Author Archive

Forger’s Art: Werewolves (A Review)

Werewolves: A Journal of Transformation by Alice Carr is not actually by Alice Carr. Of course the back cover blurb claims that the contents of Werewolves faithfully reproduce those of a journal found by hikers on the outskirts of Cuyahoga Valley National Park, Ohio. In place of the usual author’s blurb, a “publisher’s note” details

Tiny Kitten Teeth: Retro Cute with Some Odd Drinking Habits

The other day, while pawing absent-mindedly through an old cardboard box of miscellanea, I happened upon a treasure trove of Children’s Record Guild 78s. Dressed in garish, dog-eared sleeves, and bearing titles like, Mendelssohn’s… A Midsummer Night’s Dream, Swing Your Partner, and Said the Piano to the Harpsichord, the actual records themselves are no great

Kate Beaton and The History of Awesome

Kate Beaton is the kind of artist that makes my job difficult. You see — she’s awesome. So much so that it’s difficult to write anything at all about her work without merely waxing poetical about said awesomeness ad nauseum. That is, without descending into a fangirlish quagmire so thick with praise and adoration that

SCREAM (but hold the Universal Angst of Modern Man)

Edvard Munch’s The Scream (1893–1910) is among the most well-known and widely reproduced icons of Western art. Given the four versions (in paint and pastel) plus a lithograph made by Munch himself, The Scream has been a somewhat promiscuous and democratic image from the start. Over the last fifty years, everything from fine art prints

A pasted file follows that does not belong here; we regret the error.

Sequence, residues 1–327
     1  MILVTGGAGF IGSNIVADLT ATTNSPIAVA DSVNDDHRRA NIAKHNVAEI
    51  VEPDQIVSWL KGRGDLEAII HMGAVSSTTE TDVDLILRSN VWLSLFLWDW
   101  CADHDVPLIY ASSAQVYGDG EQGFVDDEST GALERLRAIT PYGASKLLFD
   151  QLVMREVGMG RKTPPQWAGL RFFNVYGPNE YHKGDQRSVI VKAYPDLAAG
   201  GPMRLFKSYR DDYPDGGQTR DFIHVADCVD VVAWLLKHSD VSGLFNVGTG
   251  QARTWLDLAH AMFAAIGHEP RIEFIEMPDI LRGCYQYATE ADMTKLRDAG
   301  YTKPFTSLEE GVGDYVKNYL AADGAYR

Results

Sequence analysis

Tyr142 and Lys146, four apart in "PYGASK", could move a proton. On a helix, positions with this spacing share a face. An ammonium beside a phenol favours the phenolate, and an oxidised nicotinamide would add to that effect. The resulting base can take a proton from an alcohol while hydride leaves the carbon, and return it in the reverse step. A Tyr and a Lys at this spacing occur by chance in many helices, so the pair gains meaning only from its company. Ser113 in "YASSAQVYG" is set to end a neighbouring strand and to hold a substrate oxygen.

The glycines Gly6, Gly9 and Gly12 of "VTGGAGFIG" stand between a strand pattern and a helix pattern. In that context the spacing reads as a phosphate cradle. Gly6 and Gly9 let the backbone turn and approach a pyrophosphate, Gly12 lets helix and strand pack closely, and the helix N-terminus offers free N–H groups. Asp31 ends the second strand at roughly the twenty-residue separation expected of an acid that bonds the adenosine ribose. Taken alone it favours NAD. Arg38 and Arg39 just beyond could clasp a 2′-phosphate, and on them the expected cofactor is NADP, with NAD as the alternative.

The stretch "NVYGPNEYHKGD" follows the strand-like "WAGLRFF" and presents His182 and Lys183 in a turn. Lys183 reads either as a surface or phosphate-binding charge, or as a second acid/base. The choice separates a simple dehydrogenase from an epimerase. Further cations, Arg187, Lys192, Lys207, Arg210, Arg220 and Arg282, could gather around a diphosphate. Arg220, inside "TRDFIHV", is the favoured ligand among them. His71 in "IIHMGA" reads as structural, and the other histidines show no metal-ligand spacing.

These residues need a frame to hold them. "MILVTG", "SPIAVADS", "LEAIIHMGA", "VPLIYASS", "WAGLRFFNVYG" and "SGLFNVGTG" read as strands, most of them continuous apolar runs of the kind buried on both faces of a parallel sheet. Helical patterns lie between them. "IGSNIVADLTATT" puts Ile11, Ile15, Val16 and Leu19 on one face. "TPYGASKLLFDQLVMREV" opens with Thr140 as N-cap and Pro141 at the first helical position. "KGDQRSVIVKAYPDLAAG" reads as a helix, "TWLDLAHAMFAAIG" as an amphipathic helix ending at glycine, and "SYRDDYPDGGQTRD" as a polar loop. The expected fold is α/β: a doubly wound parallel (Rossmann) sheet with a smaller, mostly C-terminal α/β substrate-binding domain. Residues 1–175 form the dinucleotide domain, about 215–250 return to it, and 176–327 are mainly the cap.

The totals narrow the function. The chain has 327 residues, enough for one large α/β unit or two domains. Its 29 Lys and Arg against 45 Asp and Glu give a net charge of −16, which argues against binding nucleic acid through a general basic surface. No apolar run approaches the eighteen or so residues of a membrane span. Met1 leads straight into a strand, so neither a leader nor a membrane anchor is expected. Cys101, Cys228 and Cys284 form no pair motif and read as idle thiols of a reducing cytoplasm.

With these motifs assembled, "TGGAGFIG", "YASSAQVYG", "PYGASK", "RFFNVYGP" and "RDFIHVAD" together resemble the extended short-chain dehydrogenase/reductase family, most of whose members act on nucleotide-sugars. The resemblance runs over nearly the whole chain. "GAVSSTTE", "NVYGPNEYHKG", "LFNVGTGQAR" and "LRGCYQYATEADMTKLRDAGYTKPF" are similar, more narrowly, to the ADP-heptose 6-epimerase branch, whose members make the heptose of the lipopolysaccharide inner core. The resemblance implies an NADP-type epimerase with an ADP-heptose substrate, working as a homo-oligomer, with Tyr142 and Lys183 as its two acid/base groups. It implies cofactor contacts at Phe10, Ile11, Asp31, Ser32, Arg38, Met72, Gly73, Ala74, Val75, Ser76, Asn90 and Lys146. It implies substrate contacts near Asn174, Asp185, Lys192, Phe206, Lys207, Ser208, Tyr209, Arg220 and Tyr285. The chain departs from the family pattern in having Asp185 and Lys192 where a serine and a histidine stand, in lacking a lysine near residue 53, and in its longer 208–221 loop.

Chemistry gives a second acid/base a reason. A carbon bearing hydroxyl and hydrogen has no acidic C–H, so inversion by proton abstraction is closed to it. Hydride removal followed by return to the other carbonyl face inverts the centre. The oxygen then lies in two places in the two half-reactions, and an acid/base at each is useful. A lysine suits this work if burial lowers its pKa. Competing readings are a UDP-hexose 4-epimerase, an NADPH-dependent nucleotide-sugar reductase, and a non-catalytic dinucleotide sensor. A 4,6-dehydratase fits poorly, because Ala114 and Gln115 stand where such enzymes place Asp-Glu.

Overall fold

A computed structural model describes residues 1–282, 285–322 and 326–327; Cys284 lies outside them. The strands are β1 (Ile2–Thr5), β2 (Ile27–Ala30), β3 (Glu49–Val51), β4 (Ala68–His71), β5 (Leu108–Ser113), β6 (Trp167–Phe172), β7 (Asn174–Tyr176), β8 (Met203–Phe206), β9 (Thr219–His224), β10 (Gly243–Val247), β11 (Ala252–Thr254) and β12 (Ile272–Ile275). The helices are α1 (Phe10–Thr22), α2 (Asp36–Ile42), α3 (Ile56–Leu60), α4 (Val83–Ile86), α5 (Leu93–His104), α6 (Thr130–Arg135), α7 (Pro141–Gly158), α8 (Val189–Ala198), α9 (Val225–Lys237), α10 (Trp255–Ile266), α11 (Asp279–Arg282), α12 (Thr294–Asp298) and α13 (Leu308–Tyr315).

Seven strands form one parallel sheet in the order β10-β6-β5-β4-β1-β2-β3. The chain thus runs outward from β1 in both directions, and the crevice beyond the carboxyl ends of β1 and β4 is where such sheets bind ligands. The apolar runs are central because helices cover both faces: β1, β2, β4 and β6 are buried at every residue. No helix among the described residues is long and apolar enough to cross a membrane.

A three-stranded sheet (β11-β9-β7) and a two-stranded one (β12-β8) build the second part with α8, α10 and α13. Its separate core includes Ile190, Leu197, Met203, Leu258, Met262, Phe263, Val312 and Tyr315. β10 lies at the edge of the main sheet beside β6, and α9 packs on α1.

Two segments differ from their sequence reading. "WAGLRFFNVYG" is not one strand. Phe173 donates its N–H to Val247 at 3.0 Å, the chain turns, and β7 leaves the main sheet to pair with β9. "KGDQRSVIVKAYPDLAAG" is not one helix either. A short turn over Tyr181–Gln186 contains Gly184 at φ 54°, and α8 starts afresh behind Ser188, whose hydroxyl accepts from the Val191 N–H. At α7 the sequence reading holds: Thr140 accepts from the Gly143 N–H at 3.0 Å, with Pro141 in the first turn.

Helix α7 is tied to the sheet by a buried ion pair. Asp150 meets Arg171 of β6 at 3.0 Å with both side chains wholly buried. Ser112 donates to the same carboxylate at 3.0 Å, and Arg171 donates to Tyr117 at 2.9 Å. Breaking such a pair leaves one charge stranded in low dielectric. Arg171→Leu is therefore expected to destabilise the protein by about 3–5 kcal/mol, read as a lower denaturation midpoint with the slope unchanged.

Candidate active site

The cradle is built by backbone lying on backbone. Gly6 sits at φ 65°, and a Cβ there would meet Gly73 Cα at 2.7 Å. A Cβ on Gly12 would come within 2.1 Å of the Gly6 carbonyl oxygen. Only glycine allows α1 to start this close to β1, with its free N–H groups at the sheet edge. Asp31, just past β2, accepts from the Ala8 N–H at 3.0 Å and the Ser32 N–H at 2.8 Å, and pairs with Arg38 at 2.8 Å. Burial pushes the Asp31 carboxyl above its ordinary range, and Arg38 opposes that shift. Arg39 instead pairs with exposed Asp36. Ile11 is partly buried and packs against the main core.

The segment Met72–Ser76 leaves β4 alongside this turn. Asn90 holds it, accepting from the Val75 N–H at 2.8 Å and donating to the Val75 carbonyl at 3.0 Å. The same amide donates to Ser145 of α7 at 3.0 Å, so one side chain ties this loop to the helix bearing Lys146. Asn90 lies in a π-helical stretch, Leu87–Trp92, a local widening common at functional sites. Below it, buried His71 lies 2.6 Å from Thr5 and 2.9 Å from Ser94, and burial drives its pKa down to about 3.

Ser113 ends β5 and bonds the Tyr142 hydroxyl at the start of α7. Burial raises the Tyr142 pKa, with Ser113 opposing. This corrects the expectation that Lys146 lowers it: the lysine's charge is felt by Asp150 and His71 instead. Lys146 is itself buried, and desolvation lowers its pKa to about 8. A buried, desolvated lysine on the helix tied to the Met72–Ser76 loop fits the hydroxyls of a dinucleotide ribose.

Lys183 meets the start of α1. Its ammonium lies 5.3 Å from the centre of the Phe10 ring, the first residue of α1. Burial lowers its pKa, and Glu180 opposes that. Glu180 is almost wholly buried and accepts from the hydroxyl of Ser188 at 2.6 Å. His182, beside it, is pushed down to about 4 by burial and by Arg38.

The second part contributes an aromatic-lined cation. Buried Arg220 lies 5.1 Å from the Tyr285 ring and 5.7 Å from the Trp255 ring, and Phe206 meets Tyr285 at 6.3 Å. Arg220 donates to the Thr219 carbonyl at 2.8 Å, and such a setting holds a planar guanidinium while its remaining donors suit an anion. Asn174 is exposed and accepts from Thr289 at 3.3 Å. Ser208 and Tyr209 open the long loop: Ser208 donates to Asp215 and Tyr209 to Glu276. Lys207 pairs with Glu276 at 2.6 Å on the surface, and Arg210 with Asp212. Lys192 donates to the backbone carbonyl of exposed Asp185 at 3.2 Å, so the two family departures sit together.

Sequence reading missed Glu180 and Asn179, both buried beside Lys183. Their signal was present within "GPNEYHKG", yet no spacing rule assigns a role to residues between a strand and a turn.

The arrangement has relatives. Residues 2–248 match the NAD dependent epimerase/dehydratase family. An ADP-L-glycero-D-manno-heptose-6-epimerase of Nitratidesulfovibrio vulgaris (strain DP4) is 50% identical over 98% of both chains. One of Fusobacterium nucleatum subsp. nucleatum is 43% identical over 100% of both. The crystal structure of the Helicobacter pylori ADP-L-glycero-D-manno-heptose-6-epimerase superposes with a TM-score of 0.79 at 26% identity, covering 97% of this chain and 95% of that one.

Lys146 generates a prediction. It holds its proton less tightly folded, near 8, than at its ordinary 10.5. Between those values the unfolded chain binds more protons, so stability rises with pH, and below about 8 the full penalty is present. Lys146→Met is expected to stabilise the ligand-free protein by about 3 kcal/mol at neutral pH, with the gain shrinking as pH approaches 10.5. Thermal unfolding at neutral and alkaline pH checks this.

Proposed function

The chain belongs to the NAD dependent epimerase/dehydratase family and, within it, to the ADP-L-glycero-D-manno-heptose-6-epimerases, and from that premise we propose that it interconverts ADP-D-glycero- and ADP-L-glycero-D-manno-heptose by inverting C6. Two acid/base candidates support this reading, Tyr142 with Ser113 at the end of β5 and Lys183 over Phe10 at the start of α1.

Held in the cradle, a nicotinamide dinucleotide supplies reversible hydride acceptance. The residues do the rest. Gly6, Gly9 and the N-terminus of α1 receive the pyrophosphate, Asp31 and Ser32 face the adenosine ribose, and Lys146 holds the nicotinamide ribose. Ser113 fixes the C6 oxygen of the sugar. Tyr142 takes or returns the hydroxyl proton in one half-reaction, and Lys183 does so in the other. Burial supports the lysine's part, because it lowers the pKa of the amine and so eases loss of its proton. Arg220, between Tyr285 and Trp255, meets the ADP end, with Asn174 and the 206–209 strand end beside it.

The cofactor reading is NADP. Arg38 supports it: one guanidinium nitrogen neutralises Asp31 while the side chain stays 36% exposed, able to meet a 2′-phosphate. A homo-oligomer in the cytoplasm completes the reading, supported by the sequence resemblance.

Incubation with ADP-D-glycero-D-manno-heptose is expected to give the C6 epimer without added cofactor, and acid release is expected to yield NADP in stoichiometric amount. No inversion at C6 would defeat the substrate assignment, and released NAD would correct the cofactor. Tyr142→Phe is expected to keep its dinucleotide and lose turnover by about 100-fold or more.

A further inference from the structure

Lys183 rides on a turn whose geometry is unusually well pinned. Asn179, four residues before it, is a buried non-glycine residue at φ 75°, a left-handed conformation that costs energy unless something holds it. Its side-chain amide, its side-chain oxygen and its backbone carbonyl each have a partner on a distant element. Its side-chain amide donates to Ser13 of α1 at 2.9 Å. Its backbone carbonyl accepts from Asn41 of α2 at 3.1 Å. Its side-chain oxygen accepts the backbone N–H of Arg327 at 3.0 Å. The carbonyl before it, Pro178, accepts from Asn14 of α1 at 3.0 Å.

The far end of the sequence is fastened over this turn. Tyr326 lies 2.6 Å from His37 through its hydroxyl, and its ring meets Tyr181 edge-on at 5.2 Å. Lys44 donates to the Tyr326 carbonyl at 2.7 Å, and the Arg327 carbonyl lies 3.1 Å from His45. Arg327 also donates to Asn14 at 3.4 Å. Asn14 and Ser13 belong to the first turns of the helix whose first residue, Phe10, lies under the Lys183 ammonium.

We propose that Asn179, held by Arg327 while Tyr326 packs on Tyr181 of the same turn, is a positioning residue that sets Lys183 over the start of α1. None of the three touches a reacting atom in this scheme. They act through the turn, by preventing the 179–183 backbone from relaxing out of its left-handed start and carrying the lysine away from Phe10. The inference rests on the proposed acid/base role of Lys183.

When Banksy Comes to Town

“Banksy came to Toronto!” Ah ha (I think, too groggy for an exclamation point) so I didn’t leave my cellphone set to “loud”— I merely dreamed the obnoxious ring-tone, and now for the surreal conversation. No doubt the scene shall soon shift without warning to a seaside resort or Santa’s underground lair or somesuch. “…

The Ghosts of Rolly’s Garage. Or, Rediscovering AT.AW’s Orphans

Ambling up Ossington Ave. the other day (which, up-and-coming-neighbourhood status notwithstanding, I rarely do) I came across an establishment called Meta Gallery, located in a white-painted building built like an auto-mechanic’s garage and set back from the side walk. The adjoining building’s northernmost wall stretched out, painted black-on-black with a peculiar clouds-shaped artefact of more

Where History and Comedy Dance Beneath a Hyperlink’s Gentle Glow: On The Thrilling Adventures of Lovelace and Babbage

In matters of art on the internet, conceptual artists have a habit of getting there first and leaving behind little more than tedious ghosts of their abstract inspirations. Sometimes it takes an artist from the commercial world to build something truly awesome on that old territory, something destined to do more than just stick around

Weird Treasures at The Grange

It’s a given that any review is going to hand the reader a pair of expectacles to wear when sallying forth to view the object in question with their own eyes. It’s a rare thing to come across an object where that taint could make a significant difference in the experience—but so help me, the

The AGO Can Ignore Halloween, But That’s Not Stopping Me: A Guided Tour for Hallowe’en

I’d wager that for most everyone reading this, the Art Gallery of Ontario is one of the last places you’d think of when I say the words “horror,” “ghostly,” “creeptacular” or “Halloween.” Since its recent reconstruction (what with its slick modern architecture and interiors so brightly-lit that shadows tell tales of it to their little